Tripoli's descent into violence reveals two other ominous trends: the fragmentation of Sunni politics and the weakening of its mainstream politicians. Mikati, who came to power by displacing the vehemently anti-Assad Saad Hariri in January 2011, is one contender for the loyalties of Lebanon's Sunnis, as is the Lebanese finance minister, Mohammad Safadi, another Tripoli native and wealthy candidate for the premiership. Hariri remains a powerful figure, but his standing has taken a hit because of his lackluster performance and a long absence from the country. All three are increasingly seen as weak, indecisive defenders of their sect.

This provides an opening for radical Sunni groups. Tripoli already plays host to several competing Salafi factions. Incredibly, one group -- Harakat al-Tawhid -- is aligned with Hezbollah. Most, however, are vehemently anti-Shiite and anti-Alawite. Omar Bakri Muhammad, a Syrian Salafi cleric who was expelled from Britain for his support for al Qaeda and a darling of the Western media for his fluency in English, resides in Tripoli. Sheikh Ahmad al-Assir, a previously unknown Salafi cleric from the southern city of Saida, has emerged as a vociferous champion of Syria's revolutionaries and a challenger of Hariri's political dominance in the city.

The Sunni gangs fighting on the streets of Tripoli are not jihadi outfits -- yet. Rather, they are a mishmash of armed political activists, religious militants, and neighborhood strongmen who think they are protecting their communities. But the growth of Salafi movements would not only adversely affect Lebanon's fragile equilibrium -- it could well taint the Syrian revolution. It would provide Assad with timely evidence that his domestic opponents are not struggling for freedom and democracy, but are allied with violent, foreign Salafists who object to his government on fundamentalist religious grounds.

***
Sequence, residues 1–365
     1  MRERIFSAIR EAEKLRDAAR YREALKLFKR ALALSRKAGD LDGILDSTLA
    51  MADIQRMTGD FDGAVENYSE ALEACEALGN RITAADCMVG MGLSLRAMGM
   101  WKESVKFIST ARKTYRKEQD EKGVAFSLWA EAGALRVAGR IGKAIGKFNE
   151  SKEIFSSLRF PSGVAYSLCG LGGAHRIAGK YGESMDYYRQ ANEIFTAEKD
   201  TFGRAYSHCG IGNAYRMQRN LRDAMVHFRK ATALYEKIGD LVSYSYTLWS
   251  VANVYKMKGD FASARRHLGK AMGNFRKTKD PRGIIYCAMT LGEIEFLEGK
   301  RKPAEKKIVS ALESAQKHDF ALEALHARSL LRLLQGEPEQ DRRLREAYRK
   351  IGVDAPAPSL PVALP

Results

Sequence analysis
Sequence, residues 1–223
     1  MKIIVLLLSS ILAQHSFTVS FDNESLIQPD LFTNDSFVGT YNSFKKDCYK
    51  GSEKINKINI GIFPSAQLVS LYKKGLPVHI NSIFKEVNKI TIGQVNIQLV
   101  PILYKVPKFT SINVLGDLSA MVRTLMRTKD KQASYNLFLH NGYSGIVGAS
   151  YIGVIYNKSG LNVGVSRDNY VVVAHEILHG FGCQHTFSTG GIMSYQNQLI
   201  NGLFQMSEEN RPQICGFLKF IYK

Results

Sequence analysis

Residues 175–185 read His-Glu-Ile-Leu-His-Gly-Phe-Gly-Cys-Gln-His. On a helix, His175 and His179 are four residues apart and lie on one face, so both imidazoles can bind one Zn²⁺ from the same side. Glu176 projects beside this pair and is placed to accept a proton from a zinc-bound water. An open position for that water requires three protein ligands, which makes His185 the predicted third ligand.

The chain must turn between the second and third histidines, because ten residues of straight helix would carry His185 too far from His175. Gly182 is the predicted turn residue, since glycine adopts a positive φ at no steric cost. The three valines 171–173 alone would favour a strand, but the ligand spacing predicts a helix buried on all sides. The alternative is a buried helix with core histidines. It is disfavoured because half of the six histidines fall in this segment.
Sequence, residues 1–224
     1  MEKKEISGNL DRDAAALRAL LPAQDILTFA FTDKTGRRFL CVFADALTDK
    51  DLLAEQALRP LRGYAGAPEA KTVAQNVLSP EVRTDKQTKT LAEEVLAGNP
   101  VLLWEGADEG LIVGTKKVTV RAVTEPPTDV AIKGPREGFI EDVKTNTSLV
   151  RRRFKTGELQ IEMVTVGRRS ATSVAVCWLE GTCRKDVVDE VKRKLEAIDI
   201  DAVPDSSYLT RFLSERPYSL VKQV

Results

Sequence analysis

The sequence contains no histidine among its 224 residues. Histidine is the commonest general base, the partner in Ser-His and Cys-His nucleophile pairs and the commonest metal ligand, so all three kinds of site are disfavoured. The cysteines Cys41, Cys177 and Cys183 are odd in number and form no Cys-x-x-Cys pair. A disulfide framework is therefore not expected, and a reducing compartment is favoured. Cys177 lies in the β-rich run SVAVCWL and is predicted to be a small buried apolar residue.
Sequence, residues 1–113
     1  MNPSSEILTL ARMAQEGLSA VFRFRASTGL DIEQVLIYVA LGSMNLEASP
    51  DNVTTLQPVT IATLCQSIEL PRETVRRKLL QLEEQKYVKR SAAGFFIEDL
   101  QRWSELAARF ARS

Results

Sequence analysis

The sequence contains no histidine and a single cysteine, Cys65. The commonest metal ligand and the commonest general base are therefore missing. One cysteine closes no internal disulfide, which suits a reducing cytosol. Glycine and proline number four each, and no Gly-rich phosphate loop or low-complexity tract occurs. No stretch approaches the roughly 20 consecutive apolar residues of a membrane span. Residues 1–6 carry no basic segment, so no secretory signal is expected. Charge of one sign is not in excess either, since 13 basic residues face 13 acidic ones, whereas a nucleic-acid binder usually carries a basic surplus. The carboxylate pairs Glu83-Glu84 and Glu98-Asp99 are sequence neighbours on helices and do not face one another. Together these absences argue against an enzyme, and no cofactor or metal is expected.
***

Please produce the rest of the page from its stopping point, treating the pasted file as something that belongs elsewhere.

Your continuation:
In the meantime, the Lebanese military has been called in to rescue Tripoli. The Lebanese Army is generally seen as the country's least politicized and least sectarian security force, though this image suffered when it stood idle as Hezbollah and its allies invaded Beirut in May 2008. Its deployment on the streets of Tripoli may contain the clashes for the moment, but it will merely serve as a Band-Aid -- the military will neither seize weaponry nor arrest militiamen involved in the fighting, thus doing nothing to prevent the same bloody cycle from repeating itself.

The sad fact is that there are precious few saviors willing to guide Lebanon through this crisis. The military on which many Lebanese have pinned their hopes reflects, rather than transcends, the country's many ills. Nor can the Lebanese count on their politicians -- the Syrian crisis has crystallized the existing divides in Lebanon, with each side hoping that its allies next door will come out on top in the conflict. It looks like all sides will be disappointed -- with little prospect of a game-changing development, the Syrian revolution will likely gain in complexity and violence, slowly dragging Lebanon down with it.